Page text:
economy, a sharp decline in investment and high oil prices upsetting
its budget calculations, the government is under growing pressure
to curb spending as it heads into the 2012/13 fiscal year."
India is widely
expected to miss its deficit target of 4.6 percent of GDP for the
fiscal year that ends this March.
authorities beg India to trim spending by putting a curb on oil
and fertilizer subsidies. But imagine doing that and trying to get
a great deal of its oil from Iran and side-steps US sanctions by
funneling payments through Turkey for the oil. India makes $1
billion in monthly payments to Turkish banks to acquire 370,000
barrels per day of crude oil from Iran.
But has any
government on the planet taken timely action to curb spending? Will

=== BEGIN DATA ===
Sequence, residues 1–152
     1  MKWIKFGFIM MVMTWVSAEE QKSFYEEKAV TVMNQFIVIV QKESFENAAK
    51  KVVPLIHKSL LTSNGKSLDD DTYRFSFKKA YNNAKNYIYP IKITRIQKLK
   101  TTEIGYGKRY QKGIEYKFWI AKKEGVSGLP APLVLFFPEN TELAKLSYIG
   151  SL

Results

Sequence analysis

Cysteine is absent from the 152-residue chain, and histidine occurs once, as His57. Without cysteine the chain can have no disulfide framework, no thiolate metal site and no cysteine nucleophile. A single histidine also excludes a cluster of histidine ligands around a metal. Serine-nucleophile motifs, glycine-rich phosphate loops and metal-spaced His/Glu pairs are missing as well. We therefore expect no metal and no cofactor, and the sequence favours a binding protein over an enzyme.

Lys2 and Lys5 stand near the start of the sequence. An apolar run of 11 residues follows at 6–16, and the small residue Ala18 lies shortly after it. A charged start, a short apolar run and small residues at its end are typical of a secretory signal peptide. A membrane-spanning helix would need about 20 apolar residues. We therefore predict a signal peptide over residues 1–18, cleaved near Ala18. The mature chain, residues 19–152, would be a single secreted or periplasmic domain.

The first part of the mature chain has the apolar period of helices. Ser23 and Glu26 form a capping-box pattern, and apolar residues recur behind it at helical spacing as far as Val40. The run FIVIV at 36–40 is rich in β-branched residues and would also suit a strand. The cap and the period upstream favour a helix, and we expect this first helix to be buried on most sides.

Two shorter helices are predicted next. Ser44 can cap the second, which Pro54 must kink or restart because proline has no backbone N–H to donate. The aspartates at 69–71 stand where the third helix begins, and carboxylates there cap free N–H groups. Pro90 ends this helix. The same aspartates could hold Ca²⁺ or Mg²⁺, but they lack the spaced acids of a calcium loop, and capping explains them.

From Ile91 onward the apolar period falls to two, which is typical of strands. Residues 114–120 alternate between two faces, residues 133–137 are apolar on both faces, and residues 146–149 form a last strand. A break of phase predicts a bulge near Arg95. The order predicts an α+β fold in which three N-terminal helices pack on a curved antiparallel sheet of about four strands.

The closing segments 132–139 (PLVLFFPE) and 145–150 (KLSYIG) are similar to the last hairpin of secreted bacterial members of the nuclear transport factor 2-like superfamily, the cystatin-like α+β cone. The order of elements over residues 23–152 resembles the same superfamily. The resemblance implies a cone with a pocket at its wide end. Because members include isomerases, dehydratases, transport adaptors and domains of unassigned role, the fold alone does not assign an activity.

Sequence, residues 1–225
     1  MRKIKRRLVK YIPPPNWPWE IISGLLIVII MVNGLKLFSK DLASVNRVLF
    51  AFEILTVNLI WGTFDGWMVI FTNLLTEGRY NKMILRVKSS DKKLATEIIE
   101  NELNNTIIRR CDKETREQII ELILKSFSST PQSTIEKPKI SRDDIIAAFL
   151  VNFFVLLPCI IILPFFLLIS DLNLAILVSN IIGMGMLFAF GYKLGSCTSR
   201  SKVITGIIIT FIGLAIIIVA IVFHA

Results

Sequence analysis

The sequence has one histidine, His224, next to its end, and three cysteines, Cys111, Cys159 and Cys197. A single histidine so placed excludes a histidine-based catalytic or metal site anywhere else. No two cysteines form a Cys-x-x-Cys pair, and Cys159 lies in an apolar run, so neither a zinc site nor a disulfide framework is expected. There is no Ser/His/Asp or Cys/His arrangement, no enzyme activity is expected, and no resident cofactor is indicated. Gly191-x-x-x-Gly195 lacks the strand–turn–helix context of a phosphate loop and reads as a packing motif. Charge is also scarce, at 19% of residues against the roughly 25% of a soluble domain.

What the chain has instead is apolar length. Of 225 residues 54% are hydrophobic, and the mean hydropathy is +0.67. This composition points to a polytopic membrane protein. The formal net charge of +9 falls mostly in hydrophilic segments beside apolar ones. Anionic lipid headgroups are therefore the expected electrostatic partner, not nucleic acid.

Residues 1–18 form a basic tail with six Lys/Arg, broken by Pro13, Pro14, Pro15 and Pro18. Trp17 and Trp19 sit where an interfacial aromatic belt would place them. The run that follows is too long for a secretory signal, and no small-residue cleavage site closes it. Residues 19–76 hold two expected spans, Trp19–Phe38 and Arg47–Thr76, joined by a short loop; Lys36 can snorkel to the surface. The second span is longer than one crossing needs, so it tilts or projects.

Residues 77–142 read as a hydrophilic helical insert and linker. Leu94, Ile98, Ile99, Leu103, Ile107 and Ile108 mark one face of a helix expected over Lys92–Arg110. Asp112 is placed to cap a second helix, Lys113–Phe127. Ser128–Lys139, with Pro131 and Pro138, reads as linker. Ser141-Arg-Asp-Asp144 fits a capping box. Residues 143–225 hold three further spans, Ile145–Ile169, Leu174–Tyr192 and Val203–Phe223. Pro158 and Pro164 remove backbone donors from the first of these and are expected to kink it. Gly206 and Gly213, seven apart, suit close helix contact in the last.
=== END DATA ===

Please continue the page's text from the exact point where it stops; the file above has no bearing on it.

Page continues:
India simply dig itself into mounting debt and only stop when it
canít pay interest to its debtors just as the US has done? Consider
the US which has now accumulated $15 trillion of federal debt, which
is higher than its entire annual gross domestic product (GDP). Just
5 more years of this deficit spending and America will owe $20-25
trillion of debt and meeting the interest payments on that debt
will become the primary objective of government.
In his warnings
to India, Peter John Palms is as close to a clone of Ron Paul as
can be found on this Asian continent.
Palms, writing in the SME
TIMES, is trying to warn India of the economic minefields ahead.
But who is reading Mr. Palmsí news column in India? Some xx% of
the Indian population is still illiterate and trusting authorities
will make the right decisions regarding their economic future. But
elected officials are playing games here, ordering pot holes in
roads to be repaired just prior to elections.